The SEJ WatchDog

 

Searchable archives of the biweekly WatchDog TipSheet's story ideas, articles, updates, events and other information with a focus on freedom-of-information issues of concern to environmental journalists in both the U.S. and Canada are posted here on the day of publication. Journalists are eligible for a free email subscription; send name and full contact information to the SEJ office. WatchDog TipSheet is also available via RSS feed.

Latest WatchDog TipSheet Items

September 11, 2014

  • BLM has drafted a "final" rule — but that must be approved by the White House Office of Management and Budget, which often serves as a backroom channel for industry to change regulations. The final product — still undetermined — is likely to be a disappointment to those who had hoped for Obama administration leadership on fracking disclosure.

August 27, 2014

  • More evidence of Congress' ineffectiveness comes in its ongoing failure to keep its secrets actually secret. Its official policy is to keep the Congressional Research Service from publicly releasing the handy explainers it produces at taxpayer expense. Thanks again to the Federation of American Scientists' Government Secrecy Project for unauthorized publication of these reports.

  • In an August 15 email, U.S. Environmental Protection Agency Chief of Staff Gwendolyn Keyes Fleming said EPA Science Advisor Bob Kavlock would review complaints from journalism (including SEJ) and open-government groups that scientists on EPA advisory panels were being told not to answer news-media or congressional inquiries without permission.

  • The federal government offers a launch pad for a range of journalistic projects, giving you one-click shopping for online state data portals where they exist. These portals bring together links to data from multiple agencies in a single state. Now, the nonprofit Center for Data Innovation has catalogued and rated state open-data policies.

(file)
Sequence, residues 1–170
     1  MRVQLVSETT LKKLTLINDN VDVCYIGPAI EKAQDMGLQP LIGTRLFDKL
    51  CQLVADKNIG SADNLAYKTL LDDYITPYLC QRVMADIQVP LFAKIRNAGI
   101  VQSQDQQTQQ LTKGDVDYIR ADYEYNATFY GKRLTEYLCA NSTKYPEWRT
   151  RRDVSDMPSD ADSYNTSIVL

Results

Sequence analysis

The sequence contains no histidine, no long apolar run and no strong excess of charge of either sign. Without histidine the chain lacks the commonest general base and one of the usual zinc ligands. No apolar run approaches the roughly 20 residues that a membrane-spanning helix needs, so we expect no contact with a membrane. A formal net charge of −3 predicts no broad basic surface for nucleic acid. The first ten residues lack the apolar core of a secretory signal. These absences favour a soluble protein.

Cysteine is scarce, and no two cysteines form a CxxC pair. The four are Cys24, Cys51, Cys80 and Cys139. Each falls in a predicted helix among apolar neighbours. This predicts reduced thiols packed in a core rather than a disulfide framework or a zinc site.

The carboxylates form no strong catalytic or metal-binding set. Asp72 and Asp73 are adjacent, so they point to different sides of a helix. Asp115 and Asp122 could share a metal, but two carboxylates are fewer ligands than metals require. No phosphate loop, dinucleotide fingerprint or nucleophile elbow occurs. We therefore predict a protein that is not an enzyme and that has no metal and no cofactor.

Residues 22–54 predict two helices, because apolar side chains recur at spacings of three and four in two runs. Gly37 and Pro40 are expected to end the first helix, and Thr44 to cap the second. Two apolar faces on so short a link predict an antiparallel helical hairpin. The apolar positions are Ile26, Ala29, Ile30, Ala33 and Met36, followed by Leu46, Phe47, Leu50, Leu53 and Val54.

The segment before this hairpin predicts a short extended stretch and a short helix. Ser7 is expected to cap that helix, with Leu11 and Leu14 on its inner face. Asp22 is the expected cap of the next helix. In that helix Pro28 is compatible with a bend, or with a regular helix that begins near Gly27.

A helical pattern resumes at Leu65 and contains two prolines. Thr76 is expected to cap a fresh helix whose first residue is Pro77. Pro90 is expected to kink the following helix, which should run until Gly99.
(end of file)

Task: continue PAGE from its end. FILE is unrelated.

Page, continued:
• One of the oldest tricks U.S. industry has used to hide the potential harm to public health done by chemicals it puts into the environment is to claim that their identities are trade secrets via a loophole established under the antiquated Toxic Substance Control Act of 1976. On August 21st, a coalition of groups petitioned EPA for toxic trade secrets to have an expiration date.

August 13, 2014

  • Journalism and science groups, including SEJ, protested an August 12, 2014, "don't talk" memo from EPA's chief of staff. The memo makes it clear: members of the agency's many science advisory panels are not to talk to the news media or Congress without permission. Attached to the memo was an "EPA Policy" restricting communications between Federal Advisory Committee Act (FACA) committee members and parties outside EPA.

  • Journalists: if you haven't been paying attention to federal advisory committees, maybe it's time to start. These panels are a major back door through which industry exerts quiet influence on government regulators — but they are kept available to scrutiny by the Federal Advisory Committee Act (FACA) and the Sunshine Act.

  • The Obama White House released a new rule reversing its ban on lobbyists in government.  The Office of Management and Budget (OMB) rule allows registered lobbyists to participate as members on panels covered by the Federal Advisory Committee Act (FACA). The rule change was forced by a court decision.

  • Just over a year after an oil-train explosion in Quebec killed 47 people, information on the threats oil trains present to public safety is starting to seep through a long blackout in which railroads convinced pliable federal regulators that the public was better off not knowing. Journalists from the AP and McClatchy FOIA'd information loose from Amtrak on Maryland and Pennsylvania, two of the states that have been reluctant to disclose.

  • White House Press Secretary Josh Earnest responded belatedly on August 11, 2014 to 38 journalism groups, including SEJ, that had complained on July 8, 2014, about Obama administration press offices blocking journalists' access to federal officials. But it was a "non-response," according to SPJ president David Cuillier.

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